Summer of 2003 was not a good one for me: I had lost my first love, caught my first pair of handcuffs, and was just generally blowing it all around. I had been an adult (on paper, at least) for just a handful of months and I had already begun to muck things up pretty badly. In hindsight, however, it may have been one of my better summers out of the ensuing decade. Not to say that this one was good, because it totally fucking wasn’t, but the sad reality is that I was merely getting started with my misadventurous journey, the trend of which would be things growing ever worse (and never better).

I had turned eighteen with little fanfare, from others or myself. The only thing that seemed to change for me when I hit that dull milestone was that I became a little more aware of the fact that I was expected to figure out what I was to do with my life, or at the very least make the appearance of doing so. But I didn’t really want to get a haircut and I wasn’t really qualified for a real job, so I had to pick something that was more aligned with my lifestyle back then.

Basically, something that would complement the odd hours I kept and the bad habits I was into, but also had some semblance of respectability. The obvious choice was to become a writer. It seemed to me that writers were encouraged, perhaps even obligated, to live a reckless existence, and I, all of eighteen whole years, was already way ahead of the curve on this one. Yes, I thought to myself, I will make a fantastic fucking writer.

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No Nostalgia Sundays: Pistolwhip’s Passing (And Poetic Parlor Tricks)

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No Nostalgia Sundays: Pistolwhip’s Passing (And Poetic Parlor Tricks)

While attending university, I spent more time in barrooms than I did in classrooms. I don’t think this was a conscious decision on my part, it’s just that classes were held on set days for predetermined periods of time and bars weren’t. Most students seemed to prefer boring places to study like the library or cafes, but I was always of the opinion that bars were the best places to get schoolwork done– even if I’d end up getting so drunk that I’d forget my completed assignments when I left.

The funny bit about all of my bargazing was that I hated all the bars in Berkeley, and yet I found myself at Kip’s and Blake’s and even the fucking Bear’s Lair nearly every day. I mean, the Bear’s Lair didn’t even serve liquor, for Christ’s sake (as in the Japanese wine, which they also did not serve).

I would usually choose Kip’s out of the bunch because it was the scummiest and I preferred dive bars over the more frat-friendly establishments. The bartender there also made an all right Irish Car Bomb and, after becoming accustomed to my drinking habits, would oblige me when I would order two or three at a time for myself. One time though I walked in there at eight AM while the dude was cleaning and tried to do the same. He looked at me funny and told me that he didn’t open for six hours or something and that I would have to come back. I was really perplexed; why would a bar not be open that early? When I moved to Oakland the next year, I found that the people there seemed to agree with me, because the bars were always open around sunrise when I needed to treat some shakes.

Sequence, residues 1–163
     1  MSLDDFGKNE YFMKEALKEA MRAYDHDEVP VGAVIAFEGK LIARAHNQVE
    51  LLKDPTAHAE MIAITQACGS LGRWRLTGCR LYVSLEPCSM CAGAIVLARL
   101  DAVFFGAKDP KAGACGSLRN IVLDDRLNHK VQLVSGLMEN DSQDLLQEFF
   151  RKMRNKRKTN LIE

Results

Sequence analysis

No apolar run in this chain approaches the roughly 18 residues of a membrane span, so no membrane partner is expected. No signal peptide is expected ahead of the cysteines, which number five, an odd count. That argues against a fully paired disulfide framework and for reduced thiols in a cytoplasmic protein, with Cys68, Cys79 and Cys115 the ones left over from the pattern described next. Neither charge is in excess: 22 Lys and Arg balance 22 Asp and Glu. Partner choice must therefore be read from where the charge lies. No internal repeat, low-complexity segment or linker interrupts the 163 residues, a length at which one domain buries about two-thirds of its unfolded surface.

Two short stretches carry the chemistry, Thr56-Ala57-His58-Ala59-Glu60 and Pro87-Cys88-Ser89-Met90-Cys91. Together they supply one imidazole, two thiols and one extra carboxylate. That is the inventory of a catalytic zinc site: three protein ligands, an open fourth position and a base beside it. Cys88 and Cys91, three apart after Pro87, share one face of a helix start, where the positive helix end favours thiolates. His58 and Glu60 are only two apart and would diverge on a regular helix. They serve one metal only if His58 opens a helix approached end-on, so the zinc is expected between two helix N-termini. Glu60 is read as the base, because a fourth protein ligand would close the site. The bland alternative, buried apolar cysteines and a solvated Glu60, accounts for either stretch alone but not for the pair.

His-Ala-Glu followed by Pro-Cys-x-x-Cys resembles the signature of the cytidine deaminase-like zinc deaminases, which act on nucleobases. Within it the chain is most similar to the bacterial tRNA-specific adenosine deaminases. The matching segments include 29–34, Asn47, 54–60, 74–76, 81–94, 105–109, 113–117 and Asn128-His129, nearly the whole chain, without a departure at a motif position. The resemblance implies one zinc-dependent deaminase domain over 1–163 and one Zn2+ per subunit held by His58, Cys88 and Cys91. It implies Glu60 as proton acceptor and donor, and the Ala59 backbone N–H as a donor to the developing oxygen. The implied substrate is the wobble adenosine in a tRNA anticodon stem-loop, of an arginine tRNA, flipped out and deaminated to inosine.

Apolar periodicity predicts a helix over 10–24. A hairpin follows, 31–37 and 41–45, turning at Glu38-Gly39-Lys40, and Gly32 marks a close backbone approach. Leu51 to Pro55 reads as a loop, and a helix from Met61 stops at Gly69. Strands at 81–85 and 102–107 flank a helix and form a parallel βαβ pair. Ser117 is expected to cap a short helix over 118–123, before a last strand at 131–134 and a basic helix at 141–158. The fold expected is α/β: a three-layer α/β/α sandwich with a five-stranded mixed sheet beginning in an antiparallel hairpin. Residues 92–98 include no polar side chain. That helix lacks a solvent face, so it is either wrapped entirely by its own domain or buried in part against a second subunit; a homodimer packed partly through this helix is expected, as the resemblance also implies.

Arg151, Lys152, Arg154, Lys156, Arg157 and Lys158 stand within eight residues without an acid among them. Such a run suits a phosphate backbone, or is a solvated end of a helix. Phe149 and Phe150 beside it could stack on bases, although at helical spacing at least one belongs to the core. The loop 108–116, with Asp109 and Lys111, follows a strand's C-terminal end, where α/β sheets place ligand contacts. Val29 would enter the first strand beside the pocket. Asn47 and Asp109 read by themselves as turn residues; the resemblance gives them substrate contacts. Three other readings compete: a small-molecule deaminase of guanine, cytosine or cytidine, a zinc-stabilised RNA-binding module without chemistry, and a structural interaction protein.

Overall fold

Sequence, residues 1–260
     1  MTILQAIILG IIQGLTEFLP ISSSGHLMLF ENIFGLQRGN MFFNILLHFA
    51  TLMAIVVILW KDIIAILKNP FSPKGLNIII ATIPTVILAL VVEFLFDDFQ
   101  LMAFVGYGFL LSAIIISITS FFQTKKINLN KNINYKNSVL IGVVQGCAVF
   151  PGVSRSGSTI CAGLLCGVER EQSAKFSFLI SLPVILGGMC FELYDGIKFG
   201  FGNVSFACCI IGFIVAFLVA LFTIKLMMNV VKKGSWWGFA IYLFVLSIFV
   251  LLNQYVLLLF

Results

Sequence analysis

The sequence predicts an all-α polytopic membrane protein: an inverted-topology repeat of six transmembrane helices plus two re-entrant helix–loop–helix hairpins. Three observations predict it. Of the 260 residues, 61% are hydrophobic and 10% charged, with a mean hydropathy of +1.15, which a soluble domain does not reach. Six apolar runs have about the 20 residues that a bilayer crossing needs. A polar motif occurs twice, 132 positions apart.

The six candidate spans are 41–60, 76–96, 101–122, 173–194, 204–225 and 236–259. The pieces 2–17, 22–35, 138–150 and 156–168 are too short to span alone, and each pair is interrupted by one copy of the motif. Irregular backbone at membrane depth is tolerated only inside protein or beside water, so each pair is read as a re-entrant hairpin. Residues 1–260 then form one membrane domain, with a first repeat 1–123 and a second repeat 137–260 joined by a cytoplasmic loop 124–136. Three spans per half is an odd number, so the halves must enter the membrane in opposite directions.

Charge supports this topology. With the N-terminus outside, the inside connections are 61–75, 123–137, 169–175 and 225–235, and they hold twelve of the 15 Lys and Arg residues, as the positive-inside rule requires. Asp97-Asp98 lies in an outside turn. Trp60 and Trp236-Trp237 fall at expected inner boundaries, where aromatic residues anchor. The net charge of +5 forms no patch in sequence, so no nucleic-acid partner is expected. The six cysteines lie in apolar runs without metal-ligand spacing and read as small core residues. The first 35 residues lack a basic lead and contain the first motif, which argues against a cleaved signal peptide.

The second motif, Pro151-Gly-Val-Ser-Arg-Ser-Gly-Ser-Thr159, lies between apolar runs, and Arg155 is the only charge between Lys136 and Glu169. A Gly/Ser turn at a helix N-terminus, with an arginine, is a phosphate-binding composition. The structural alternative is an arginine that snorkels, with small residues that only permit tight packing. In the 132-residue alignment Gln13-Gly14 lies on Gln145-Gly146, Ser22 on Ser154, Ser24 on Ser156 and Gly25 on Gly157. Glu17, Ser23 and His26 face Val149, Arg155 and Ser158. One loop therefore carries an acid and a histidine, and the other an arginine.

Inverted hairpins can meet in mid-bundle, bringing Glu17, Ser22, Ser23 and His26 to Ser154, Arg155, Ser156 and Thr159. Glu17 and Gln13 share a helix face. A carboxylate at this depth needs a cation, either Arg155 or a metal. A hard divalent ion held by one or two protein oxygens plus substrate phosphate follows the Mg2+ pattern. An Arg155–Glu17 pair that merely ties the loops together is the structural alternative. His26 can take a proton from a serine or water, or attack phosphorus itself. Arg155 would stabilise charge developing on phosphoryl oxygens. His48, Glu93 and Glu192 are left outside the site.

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Dear Dionysus XXXVI: Beansprout Dracula

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Dear Dionysus XXXVI: Beansprout Dracula

Dear Dionysus,

I don’t want you getting the impression that the only women we interacted with over there were prostitutes. That wasn’t the case at all. After a week or so of trying and failing to have any sort of meaningful interaction with German girls (solely for Franky’s benefit of course), we started to have a bit more luck.

Our luck started with kabob.

You see, Dionysus, we would stay out to all hours of the night drinking, and we’d inevitably get hungry, except the only spots open that late were kabob stands. They were like the German equivalent of Del Taco, except a little less accommodating to a vegetarian of my convictions. I didn’t touch meat then, mate, which meant that I usually A) sucked it up and went hungry or B) drank more beer because, after all, beer was food, really.

One night we were hanging around one of these kabob stands, and were already a little tipsy. Franky and Yorick were devouring their Döner which, despite it’s revolting appearance, was rather appetizing– according to them at least. We had been bar-hopping, although none of the bars were very interesting and we didn’t stay at any longer than a drink or two. We had no idea where we were going to spend the remainder of the night.